SLPWA Lists Concerns For DEC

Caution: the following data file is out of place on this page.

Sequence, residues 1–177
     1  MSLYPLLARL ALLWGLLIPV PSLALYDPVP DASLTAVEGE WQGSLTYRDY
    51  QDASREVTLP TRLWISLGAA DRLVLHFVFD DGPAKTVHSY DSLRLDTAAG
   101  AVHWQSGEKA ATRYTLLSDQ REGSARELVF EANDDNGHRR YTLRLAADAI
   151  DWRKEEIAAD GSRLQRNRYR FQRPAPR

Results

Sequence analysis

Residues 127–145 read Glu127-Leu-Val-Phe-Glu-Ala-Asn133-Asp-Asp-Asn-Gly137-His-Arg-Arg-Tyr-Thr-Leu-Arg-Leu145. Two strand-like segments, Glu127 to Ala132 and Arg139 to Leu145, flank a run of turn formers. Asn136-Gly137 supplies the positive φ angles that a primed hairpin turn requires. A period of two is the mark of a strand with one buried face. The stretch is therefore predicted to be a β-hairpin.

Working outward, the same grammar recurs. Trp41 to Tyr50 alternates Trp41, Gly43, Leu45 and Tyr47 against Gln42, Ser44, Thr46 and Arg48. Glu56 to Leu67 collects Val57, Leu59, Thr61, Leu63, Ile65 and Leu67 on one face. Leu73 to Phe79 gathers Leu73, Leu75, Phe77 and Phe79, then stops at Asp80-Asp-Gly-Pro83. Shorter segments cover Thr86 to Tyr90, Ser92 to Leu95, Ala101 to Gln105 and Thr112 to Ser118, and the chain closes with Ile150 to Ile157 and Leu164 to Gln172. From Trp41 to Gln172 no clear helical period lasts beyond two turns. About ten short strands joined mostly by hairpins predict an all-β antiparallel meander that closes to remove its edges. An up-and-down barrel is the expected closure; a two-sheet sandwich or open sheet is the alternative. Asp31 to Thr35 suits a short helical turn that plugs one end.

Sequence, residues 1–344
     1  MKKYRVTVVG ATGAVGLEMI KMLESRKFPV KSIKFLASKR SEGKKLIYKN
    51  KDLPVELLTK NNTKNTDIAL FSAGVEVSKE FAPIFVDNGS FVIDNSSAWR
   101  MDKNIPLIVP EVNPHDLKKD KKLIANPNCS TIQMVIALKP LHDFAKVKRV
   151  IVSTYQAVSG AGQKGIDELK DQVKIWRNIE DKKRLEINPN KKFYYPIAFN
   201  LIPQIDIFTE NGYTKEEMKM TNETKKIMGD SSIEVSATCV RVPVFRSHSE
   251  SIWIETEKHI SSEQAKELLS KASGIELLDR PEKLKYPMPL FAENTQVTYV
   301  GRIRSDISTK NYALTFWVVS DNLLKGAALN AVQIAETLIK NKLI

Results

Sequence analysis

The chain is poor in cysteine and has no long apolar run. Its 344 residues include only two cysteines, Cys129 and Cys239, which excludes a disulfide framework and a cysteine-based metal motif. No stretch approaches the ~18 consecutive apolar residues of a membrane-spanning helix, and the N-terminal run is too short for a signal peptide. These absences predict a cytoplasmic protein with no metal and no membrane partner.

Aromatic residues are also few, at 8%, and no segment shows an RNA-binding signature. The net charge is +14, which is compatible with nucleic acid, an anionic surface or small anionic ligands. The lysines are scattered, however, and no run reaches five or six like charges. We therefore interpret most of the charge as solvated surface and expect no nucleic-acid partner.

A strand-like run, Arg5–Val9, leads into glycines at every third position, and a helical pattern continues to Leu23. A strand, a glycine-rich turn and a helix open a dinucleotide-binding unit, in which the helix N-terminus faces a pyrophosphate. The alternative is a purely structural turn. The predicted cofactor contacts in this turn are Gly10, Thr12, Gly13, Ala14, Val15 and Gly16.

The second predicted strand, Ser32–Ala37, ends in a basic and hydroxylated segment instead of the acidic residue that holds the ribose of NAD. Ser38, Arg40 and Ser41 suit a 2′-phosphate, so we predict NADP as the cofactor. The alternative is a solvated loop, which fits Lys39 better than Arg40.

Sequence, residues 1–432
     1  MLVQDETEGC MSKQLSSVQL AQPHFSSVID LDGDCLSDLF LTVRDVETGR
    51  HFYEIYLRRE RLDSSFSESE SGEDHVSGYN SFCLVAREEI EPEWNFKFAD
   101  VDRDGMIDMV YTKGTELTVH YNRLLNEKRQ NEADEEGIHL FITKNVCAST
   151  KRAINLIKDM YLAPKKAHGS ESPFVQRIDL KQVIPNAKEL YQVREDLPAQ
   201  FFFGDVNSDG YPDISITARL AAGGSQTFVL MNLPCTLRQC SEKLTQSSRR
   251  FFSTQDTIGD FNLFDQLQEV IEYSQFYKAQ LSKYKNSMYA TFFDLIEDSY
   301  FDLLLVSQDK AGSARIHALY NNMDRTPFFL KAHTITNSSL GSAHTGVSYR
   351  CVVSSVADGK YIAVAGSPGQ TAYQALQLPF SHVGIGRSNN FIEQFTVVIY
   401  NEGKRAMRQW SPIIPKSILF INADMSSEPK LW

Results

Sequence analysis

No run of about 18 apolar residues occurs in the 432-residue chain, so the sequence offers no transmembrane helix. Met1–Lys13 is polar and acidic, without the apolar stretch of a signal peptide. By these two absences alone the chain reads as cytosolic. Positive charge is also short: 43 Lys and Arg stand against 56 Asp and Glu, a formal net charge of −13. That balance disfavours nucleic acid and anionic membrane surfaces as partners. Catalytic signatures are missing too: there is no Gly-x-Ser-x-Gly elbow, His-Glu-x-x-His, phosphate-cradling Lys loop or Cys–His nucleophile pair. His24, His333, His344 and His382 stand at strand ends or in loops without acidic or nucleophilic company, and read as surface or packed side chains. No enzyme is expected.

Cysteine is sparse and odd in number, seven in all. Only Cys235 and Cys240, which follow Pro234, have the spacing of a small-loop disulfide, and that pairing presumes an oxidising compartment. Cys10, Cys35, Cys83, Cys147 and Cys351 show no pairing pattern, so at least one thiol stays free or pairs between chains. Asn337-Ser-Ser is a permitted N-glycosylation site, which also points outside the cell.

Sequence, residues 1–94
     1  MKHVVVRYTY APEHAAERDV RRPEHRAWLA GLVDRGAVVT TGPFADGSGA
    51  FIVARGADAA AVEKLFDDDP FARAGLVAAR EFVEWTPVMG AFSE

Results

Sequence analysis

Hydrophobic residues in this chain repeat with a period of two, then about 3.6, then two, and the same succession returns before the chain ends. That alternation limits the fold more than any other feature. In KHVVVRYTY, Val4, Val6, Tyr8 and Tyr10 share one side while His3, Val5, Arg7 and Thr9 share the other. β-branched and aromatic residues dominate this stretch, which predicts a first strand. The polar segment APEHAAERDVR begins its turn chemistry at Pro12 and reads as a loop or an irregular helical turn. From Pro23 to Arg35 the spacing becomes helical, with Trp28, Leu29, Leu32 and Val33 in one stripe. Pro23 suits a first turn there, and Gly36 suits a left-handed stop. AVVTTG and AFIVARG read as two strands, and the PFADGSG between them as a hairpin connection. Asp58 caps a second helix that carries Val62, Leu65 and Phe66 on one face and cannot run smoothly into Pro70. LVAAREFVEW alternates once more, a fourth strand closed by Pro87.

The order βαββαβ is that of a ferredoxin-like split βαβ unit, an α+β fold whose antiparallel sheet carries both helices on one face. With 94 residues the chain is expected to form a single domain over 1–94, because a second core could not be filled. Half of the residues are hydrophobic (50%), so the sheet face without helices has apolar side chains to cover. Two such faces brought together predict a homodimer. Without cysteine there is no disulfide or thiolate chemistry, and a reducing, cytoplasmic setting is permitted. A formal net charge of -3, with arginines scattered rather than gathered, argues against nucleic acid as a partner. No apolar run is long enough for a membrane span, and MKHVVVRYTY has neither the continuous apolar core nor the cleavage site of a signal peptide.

Today, Seneca Lake Pure Waters Association submitted initial list of concerns to DEC on the September 2011 revision to the Supplemental Generic Environmental Impact Statement (dSGEIS) for High Volume Hydraulic Drilling (HVHF) in the shale deposits for natural gas.SLPWA is opposed to “going ahead with HVHF until improved safeguards and regulations are explicitly spelled out and agreed to through a public hearing process”In its letter, the association identified eight areas of concern on which they will provide more detailed analysis to the DEC by the December 12, 2011 deadline for public comments. The purpose of this initial list is to get these concerns to the DEC early. The following are areas of concern. They are described in more detail in the attached copy of the letter to the DEC:1. Rate/location of issued permits should be controlled to protect high risk areas.2. Protection of human health should engage the full capabilities of the NYS Department of Health.3. Drinking water supplies should be fully protected4. The dSGEIS should describe an environmentally acceptable system for the disposal of all toxic/hazardous wastes from the HVHF process. 5. Full regulations should be in place before any permits are issued6. Cumulative impact assessment of assumed number of wells in each region needs to be completed for the regions selected. 7. The Pennsylvania experience data should be analyzed statistically to determine high risk steps in the process. 8. Fiscal responsibility should be detailedSLPWA also called for the DEC to await the results of EPA research which is underway on the environmental impact of such drilling. Additionally, the EPA is planning to establish rules for the disposal of waste water from HVHF. By proceeding with the issuance of permits before the Federal studies and regulations are established, New York State could find itself out of compliance with Federal regulations.SLPWA is an organization of over more than 400 volunteer individuals and businesses in the Seneca Lake watershed. The association was formed in 1991 to promote the understanding, preservation and improvement of the water quality, natural habitat and general environmental conditions of Seneca Lake and its watershed. The association’s website at http://www.senecalake.org/ has current information regarding its activities.

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